One of the reasons the Welcome Swallow images are in an ‘Archive Photos’ post is that I was hoping to get better photos of them. On a cold August day a pair arrived and began constructing a nest of mud on top of a high beam beneath the tin roof of our deck. As it was cold, we didn’t venture outside for a day or two. Then the weather fined up and the birds realised they would be disturbed by humans coming and going. I later saw a pair of Welcome Swallows at the back of our block, in the bush section. It could have been a different pair, but they were definitely nesting up there too.
Welcome Swallows are so graceful, but very fast in flight. When they were on the deck, they tended to sit in the dark protected corners. Both of these things make them hard to photograph. I have quite a few blurry shots and only a few clear ones. Most of these have spider webs in the background – another thing I was hoping to avoid posting online.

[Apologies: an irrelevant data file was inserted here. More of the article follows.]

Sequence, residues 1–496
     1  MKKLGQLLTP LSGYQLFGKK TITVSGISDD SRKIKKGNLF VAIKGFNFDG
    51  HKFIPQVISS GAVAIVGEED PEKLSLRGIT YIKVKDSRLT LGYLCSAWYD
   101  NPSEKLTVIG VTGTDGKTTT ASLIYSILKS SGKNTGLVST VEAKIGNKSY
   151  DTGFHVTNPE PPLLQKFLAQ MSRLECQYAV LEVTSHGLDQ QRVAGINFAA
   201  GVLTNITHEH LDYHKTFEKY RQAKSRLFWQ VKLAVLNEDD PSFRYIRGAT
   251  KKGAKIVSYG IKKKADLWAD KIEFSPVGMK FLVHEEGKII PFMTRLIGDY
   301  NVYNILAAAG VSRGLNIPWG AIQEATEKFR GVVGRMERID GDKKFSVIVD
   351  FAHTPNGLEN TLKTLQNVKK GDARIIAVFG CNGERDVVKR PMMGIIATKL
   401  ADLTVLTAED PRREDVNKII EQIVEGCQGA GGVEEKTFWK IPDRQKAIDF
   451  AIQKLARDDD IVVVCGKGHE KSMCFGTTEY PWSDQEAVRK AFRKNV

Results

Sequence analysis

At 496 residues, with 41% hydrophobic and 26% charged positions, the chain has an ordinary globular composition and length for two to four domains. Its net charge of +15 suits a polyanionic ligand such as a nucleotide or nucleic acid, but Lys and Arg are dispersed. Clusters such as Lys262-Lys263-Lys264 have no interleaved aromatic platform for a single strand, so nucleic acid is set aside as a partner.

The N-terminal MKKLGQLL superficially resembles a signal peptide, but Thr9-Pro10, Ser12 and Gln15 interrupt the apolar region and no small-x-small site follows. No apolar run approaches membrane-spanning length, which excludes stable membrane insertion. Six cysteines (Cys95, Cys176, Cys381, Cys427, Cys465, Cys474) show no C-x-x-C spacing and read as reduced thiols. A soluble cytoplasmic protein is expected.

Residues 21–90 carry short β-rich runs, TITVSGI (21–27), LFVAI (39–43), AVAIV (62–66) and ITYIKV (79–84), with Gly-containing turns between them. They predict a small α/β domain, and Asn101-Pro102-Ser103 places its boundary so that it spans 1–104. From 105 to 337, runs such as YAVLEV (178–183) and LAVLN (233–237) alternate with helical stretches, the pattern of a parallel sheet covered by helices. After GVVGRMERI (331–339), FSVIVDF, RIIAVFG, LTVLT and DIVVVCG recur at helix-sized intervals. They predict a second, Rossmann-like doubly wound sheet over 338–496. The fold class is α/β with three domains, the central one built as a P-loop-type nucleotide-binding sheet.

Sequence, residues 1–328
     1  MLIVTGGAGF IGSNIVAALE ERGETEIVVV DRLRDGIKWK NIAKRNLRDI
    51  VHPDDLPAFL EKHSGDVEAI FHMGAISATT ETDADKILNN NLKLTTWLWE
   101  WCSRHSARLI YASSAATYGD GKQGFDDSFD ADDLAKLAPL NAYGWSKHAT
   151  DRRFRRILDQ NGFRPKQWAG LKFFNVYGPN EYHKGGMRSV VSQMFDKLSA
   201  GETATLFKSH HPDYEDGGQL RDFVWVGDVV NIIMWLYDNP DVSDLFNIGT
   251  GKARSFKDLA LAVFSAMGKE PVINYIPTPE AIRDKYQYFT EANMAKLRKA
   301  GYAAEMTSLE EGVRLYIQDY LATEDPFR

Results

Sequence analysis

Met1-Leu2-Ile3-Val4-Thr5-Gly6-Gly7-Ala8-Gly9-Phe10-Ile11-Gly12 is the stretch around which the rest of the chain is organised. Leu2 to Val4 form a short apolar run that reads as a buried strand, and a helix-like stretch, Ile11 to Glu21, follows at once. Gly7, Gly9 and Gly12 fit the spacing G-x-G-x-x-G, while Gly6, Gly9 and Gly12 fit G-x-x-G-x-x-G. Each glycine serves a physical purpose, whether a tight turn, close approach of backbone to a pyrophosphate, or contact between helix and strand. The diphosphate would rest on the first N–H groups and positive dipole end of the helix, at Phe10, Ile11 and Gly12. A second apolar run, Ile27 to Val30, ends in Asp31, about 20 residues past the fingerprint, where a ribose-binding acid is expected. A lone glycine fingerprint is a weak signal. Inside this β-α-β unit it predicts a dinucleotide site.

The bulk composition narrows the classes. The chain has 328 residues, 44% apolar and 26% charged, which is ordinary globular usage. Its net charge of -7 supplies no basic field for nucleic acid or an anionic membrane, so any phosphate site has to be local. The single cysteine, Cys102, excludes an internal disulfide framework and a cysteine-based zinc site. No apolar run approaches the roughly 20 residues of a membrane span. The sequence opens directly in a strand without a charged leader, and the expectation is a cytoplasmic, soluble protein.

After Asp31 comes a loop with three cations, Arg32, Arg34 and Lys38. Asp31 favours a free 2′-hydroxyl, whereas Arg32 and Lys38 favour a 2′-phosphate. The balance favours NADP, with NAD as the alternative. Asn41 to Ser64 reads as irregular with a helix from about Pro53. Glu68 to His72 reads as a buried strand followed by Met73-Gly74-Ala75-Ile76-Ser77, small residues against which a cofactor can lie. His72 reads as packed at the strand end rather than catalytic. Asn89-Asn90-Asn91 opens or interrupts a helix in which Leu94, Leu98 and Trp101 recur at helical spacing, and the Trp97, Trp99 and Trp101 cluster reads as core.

As I’ve seen the species two years in a row now, I think it is high time I added them to the species list.
Welcome Swallows are found the entire length of the East Coast of Australia, in Tasmania and in parts of Western Australia and South Australia. I think one of the reasons the birds initially chose to nest on the deck is related to a new garden I was establishing alongside it. The Swallows would fly in figure 8 formation out over the garden, catch insects and then in under the deck, doing another loop before sweeping over the garden again. I found it fascinating to watch them in this flight pattern for extended periods of time.
Here are a few more photographs of the Welcome Swallows – spider webs, over exposure and all.